- Consider diversifying your income
Is there a way you can earn even just $500 extra dollars in 2020? Maybe you have the ability to write guest posts for one of your favorite websites, drive for Uber or Lyft, or just clean out your closet and sell items online. No matter what it is, diversifying your income is a great way to expand your net worth and keep you on the path toward a stronger financial future.
- Cook more at home
According to Forbes, it is five times more expensive to order delivery from a restaurant than it is to cook at home. Every year, we tell ourselves that we’re going to finally start eating at home more. Make it a goal and stick to it! Start looking up new and creative recipes to inspire your cooking and keep it interesting, even when your favorite restaurant is calling your name.
- Review your beneficiaries
You should review your beneficiaries every single year! If it is time to update your beneficiaries, either because of changed planning such as divorce or death, it’s as easy as logging into your account and putting in new information. Without adequately identifying beneficiaries, your assets will be sent to and divvied up by the state.
- Create a will if you haven’t yet
On that same note, it is time to finally create a will! Some people think that a will is only for rich people, but it is actually something that every single person—married, single, parent, or child-less—should have in place. Ultimately it will help provide organization and be a breath of fresh air in the case of your death, giving your family one less thing to worry about. Think about this as your last gift to your loved ones.
- Learn a new skill
Learning a new skill is a great way to improve your personal and professional life. Maybe you dedicate yourself to learning something new at work or taking a professional development course. Or maybe you’ve always wanted to learn how to crochet. Whatever it is that interests you, take the time to actually devote yourself to the learning process this year and see how your mind and opportunities grow alongside you!
- Improve your physical health
In his book Who’s Afraid to Be a Millionaire? financial journalist Kelvin Boston says, “your health may determine your wealth.” According to Boston, the biggest impact on economic wealth when it comes to health is the impact of preventable illness, like diabetes or hypertension. Take the time and effort to see where your physical health can be improved in 2020 and set yourself up for a stronger financial foundation.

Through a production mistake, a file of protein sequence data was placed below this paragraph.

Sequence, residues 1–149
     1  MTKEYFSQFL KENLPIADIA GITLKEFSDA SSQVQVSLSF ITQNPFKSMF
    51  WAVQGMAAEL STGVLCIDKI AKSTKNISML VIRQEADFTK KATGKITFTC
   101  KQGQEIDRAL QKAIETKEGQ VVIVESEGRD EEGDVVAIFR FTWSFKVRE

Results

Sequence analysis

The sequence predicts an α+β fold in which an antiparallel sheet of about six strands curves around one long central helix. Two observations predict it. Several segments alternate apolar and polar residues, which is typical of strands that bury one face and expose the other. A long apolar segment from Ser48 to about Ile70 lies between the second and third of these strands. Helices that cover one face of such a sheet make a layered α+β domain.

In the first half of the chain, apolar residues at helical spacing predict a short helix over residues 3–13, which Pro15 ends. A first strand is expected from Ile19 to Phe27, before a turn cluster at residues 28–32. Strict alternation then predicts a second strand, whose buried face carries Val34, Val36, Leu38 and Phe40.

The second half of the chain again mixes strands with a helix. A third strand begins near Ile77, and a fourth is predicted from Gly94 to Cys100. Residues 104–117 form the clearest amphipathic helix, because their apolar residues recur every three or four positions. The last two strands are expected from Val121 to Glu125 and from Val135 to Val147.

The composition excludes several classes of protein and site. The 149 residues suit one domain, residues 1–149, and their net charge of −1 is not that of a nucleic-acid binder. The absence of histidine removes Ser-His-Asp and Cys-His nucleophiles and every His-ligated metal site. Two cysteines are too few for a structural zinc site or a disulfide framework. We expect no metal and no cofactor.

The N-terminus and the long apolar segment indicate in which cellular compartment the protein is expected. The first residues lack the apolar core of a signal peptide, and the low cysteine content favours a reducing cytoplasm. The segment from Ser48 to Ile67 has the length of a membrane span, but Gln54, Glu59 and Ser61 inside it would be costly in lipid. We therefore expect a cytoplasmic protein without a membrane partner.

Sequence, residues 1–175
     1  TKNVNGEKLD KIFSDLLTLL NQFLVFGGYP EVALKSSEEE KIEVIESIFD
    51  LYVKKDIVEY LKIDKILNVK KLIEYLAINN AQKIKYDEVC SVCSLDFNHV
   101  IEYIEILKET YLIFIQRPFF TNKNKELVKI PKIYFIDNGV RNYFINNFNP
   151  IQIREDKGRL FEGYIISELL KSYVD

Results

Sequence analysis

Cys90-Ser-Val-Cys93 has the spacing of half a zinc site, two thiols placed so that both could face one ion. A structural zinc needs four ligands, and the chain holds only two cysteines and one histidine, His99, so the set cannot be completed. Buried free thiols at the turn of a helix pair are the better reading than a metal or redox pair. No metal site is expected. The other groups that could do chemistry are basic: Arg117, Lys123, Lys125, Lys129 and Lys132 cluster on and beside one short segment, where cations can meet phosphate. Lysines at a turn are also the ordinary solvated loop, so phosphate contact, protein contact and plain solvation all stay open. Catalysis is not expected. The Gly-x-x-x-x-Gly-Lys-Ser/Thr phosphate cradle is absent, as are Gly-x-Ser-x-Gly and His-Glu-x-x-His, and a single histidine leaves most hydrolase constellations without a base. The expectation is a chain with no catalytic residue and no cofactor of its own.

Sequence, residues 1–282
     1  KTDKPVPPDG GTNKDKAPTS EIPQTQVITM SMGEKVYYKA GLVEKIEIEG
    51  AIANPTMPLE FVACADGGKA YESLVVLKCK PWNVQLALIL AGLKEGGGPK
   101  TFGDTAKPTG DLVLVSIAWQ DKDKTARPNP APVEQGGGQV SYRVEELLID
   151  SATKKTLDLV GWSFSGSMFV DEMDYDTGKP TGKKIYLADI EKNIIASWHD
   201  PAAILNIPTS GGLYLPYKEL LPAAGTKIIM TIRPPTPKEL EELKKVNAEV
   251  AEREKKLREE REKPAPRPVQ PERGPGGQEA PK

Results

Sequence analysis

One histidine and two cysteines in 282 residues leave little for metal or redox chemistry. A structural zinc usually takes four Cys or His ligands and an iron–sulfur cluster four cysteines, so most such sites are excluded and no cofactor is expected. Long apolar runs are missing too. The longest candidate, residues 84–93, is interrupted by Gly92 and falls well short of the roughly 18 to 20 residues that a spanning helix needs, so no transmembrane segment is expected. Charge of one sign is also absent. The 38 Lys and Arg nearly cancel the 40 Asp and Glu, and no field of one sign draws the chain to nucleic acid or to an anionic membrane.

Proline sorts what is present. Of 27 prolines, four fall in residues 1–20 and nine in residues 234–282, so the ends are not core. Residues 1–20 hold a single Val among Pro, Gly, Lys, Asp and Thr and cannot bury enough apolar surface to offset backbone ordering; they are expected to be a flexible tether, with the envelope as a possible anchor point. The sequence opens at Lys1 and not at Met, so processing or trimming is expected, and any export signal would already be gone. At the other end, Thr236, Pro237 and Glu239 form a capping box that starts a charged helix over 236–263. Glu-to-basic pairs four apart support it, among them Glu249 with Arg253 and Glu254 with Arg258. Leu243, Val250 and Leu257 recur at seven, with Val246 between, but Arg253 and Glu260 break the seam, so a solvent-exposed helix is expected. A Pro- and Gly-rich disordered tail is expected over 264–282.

- Eliminate expensive habits
If there is something that you pay for routinely, like smoking, or paying for a too expensive gym membership that you never use, it may be time to see where you can eliminate or lessen that debt. There are more affordable gyms and habits that have less of a long-term impact, financially and physically.
- Start a gratitude journal
If someone asked you today what you’re grateful for, would you have an answer? Simply reflecting every day in a gratitude journal is a great way to keep your blessings top of mind every day. In our Richer Retirement course, we incorporate gratitude into financial planning as a way of inspiring motivation and reminding us that there’s more to life than a high bank account.
- Read a financial book/blog – You don’t have to know everything there is to know about personal finance on January 1, 2020. Subscribe to a financial newsletter or pick up a book from a financial expert and give yourself the grace to learn as you go.
- Start a treat-yourself fund
If you aren’t able to treat yourself with the money you’ve saved, why save at all? Give yourself a little freedom in your finances and start a treat yourself fund! You can save small at first, just $5 or $10 a week, and watch it grow. Wait until it’s a good size and then treat yourself to something you’ve been eyeing, like a new laptop or a fancy purse. Treating yourself is a great way to celebrate financial wins and saving for the moment is a great way to stay on track.
We hope these financial goals and financial New Year’s resolutions have inspired you on your path toward financial wellness! If you’re looking for a partner to help you along the way, reach out to our team about our online financial coaching or online financial education classes.